At least 21 Qassam rockets and eight mortar shells were fired at southern Israel by mid-morning, with the location of 10 pinpointed. One of the mortars struck a direct hit on a house in Kibbutz Sha'ar Hanegev, causing extensive damage.
Most of the Qassams and shells were fired overnight, while three rockets hit Netivot and another two Grad-type missiles exploded in a public area of Ashkelon after sunrise.
The political-security cabinet held an urgent session on Wednesday morning to discuss ways of responding to the fire, calling in Defense Minister Ehud Barak for consultations.
The defense establishment ordered border crossings to Gaza to remain closed on Wednesday in response to the attacks. On Tuesday, Israel had said it would to open the border to allow food and medicine to enter the Gaza Strip, after days in which the crossings have been closed due to the ongoing rocket fire from Gaza.
The shipment of humanitarian aid was to include five trucks from Egypt, which requested that Israel open the Kerem Shalom crossing to let the convoy pass, and 30 from the West Bank containing goods supplied by international organizations.
Rescue services have raised their alert to the second highest level and the Home Front Command has warned Gaza-area residents to keep children indoors as the barrage continues.
The barrage came after a senior Hamas official said in an interview published Tuesday that the Islamist group would be willing to renew its cease-fire with Israel without adding any new conditions.
The barrage was apparently launched in response to the Israel Defense Forces' killing of three armed Palestinians, who were seen laying bombs along the Israel-Gaza border on Tuesday.
Six rockets struck the Negev on Tuesday and four more hit the day before, despite Hamas' declaration on Monday that militant factions had agreed to a 24-hour truce.
Hamas: Group ready for truce if Israel sticks to original terms
On Tuesday, senior Hamas official Mahmoud al-Zahar told the Egyptian daily Al-Ahram that "the Palestinians want to give a chance to the Egyptian mediators. Hamas is ready for a truce, if Israel sticks to the terms of the June agreement."
A one-day cease-fire called on Monday "would be extended if positive developments were found," he added.
Officials in the office of Ismail Haniyeh, Hamas' leader in the Gaza Strip, confirmed the remarks.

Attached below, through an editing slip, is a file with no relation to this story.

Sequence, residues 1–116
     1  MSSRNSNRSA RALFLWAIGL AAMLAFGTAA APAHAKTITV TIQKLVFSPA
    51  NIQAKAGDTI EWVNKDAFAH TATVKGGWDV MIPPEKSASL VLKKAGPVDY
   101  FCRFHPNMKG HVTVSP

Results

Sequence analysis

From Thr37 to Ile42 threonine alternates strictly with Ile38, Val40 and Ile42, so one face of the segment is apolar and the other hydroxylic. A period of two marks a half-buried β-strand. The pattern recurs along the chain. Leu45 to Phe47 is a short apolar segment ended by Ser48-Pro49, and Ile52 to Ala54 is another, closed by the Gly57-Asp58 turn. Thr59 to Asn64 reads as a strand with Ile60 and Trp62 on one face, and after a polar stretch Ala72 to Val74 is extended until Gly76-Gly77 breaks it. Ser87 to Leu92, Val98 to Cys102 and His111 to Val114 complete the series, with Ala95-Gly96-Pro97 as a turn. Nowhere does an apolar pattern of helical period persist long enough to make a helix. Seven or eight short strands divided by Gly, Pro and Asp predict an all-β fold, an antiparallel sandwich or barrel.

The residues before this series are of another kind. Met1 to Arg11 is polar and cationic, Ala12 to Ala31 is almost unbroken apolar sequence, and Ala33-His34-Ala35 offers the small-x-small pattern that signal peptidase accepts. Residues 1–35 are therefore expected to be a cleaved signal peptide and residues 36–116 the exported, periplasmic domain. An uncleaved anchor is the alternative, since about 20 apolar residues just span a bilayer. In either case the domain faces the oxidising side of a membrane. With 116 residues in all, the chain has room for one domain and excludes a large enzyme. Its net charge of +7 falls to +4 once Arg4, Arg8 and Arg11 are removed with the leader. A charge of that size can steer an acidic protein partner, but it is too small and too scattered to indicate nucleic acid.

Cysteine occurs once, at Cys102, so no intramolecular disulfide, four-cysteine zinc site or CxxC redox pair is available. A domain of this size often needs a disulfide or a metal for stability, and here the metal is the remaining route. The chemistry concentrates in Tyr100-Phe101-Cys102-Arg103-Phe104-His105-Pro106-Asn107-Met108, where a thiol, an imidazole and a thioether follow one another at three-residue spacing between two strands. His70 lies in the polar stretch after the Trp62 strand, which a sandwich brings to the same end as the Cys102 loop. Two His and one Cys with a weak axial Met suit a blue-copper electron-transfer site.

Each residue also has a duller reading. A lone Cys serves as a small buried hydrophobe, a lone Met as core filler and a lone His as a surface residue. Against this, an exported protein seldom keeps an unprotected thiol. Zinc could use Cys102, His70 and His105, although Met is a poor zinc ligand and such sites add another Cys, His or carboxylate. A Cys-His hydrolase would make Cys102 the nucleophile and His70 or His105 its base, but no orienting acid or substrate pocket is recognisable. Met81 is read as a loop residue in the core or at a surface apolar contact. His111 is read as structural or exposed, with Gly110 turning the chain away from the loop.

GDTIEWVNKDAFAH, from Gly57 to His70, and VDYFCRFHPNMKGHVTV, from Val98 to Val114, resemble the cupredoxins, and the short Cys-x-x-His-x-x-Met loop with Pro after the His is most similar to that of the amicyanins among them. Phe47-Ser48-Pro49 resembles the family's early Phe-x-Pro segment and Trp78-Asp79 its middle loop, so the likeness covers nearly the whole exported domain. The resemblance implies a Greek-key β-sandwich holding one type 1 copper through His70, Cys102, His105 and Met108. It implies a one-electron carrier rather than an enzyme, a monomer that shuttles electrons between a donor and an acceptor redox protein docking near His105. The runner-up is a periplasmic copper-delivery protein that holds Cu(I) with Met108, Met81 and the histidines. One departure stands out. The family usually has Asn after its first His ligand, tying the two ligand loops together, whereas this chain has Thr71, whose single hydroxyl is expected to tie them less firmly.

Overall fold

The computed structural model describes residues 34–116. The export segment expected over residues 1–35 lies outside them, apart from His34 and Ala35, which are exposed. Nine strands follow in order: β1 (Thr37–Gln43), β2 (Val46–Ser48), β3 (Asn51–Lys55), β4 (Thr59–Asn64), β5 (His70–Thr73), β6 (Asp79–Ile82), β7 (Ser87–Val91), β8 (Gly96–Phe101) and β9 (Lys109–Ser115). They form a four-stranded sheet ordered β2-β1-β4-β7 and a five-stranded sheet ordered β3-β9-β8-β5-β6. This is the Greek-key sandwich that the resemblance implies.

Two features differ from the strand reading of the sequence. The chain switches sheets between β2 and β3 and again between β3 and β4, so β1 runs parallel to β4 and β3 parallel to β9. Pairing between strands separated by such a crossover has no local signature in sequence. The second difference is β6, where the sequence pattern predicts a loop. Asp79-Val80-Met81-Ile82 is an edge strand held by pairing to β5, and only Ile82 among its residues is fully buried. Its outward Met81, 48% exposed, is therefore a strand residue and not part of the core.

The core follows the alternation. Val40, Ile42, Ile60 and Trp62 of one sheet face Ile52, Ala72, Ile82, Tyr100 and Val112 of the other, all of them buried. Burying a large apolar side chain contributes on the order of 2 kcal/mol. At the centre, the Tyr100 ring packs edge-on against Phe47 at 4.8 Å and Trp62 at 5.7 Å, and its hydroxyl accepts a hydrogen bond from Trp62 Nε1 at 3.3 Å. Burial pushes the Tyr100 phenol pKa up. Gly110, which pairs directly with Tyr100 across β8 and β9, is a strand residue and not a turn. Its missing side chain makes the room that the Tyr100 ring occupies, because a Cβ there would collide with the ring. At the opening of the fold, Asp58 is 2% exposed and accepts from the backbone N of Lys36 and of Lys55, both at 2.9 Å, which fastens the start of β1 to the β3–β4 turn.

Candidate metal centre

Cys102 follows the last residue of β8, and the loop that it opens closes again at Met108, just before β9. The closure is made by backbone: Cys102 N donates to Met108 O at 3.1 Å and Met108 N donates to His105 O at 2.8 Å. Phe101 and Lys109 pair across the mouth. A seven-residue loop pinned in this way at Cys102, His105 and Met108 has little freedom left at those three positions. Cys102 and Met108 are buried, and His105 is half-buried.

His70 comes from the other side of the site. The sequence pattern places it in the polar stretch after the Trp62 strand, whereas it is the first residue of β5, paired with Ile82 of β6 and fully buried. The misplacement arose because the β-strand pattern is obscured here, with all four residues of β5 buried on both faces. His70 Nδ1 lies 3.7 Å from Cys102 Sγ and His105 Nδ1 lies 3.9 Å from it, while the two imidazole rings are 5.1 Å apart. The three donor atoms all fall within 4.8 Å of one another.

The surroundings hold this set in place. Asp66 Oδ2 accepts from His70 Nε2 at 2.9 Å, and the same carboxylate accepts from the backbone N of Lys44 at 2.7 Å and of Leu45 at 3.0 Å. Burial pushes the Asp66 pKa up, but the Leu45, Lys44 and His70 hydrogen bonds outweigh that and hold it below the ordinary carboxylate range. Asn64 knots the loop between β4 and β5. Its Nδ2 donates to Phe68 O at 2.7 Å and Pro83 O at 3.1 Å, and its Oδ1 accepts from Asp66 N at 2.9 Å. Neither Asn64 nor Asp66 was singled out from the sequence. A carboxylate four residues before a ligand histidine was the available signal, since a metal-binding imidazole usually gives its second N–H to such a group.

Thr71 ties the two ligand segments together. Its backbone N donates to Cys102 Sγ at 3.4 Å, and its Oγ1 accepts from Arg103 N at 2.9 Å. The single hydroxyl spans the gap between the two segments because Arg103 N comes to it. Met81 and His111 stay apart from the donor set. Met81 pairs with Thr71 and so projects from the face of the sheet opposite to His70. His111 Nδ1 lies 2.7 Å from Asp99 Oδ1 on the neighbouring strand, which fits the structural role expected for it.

However, Hamas spokesman Fawzi Barhoum said that while the movement would "study any offer" for a truce, it had not received any so far. And Israeli government and defense establishment sources said that Israel has no intention of conducting new cease-fire negotiations with Hamas at this time.
The Israeli sources confirmed that Egypt is more involved in trying to mediate a truce than it was two days ago. However, they said, it is unclear whether Cairo has enough leverage over Hamas to persuade the organization to reach a deal.
"And before anything else, the [rocket] fire has to stop," added one.
Abbas: Egypt pledges to push for rewnewal of truce
Palestinian Authority Chairman Mahmoud Abbas, who met with Egyptian President Hosni Mubarak in Cairo Tuesday, said afterward that Egypt had pledged to try to convince Hamas and Israel to renew the truce. He also said there has recently been progress in the reconciliation talks between his Fatah movement and Hamas.
Hamas ended its six-month truce with Israel, which began on June 19, last Friday. On Monday, however, it announced it had agreed to an Egyptian request to halt firing for 24 hours to allow the aid convoy to enter the Strip. Virtually all major bakeries in Gaza are currently closed because they lack fuel to run their ovens and flour to bake bread.
However, the Jerusalem Post reported Tuesday that the one-day truce came "after a warning from Egypt that Israel would begin assassinating Hamas leaders if the rockets continued." Quoting an unnamed "senior Hamas official," the daily said Egyptian intelligence chief Omar Suleiman had contacted Hamas leaders in both Gaza and Damascus and urged them to halt the rockets so as not to give Israel an excuse to attack.
IDF troops kill three Gaza militants rigging bomb at border
Meanwhile, the violence continued unabated Tuesday: The Israel Defense Forces killed three armed Palestinians as they were laying bombs along the Israel-Gaza border, while Palestinians fired five Qassam rockets from Gaza into the Negev.
The armed Palestinians threw grenades at the soldiers and set off one bomb before they were killed, but caused no casualties. The rockets also caused no casualties, as all landed in open areas of the Negev. The Democratic Front for the Liberation of Palestine and the Popular Resistance Committees claimed responsibility for the rocket fire.
Also Tuesday, Foreign Minister Tzipi Livni blamed Egypt for Hamas' continuing grip on Gaza. Speaking to the Israel Women's Network in Tel Aviv, she said that "over the last half year, there has not been appropriate monitoring of the Philadelphi Road, which has led to Hamas growing stronger militarily." The Philadelphi Road runs along the Gaza-Egypt border.
Livni plans to raise the issue of arms smuggling from Egypt into Gaza when she meets Thursday with Mubarak in Cairo.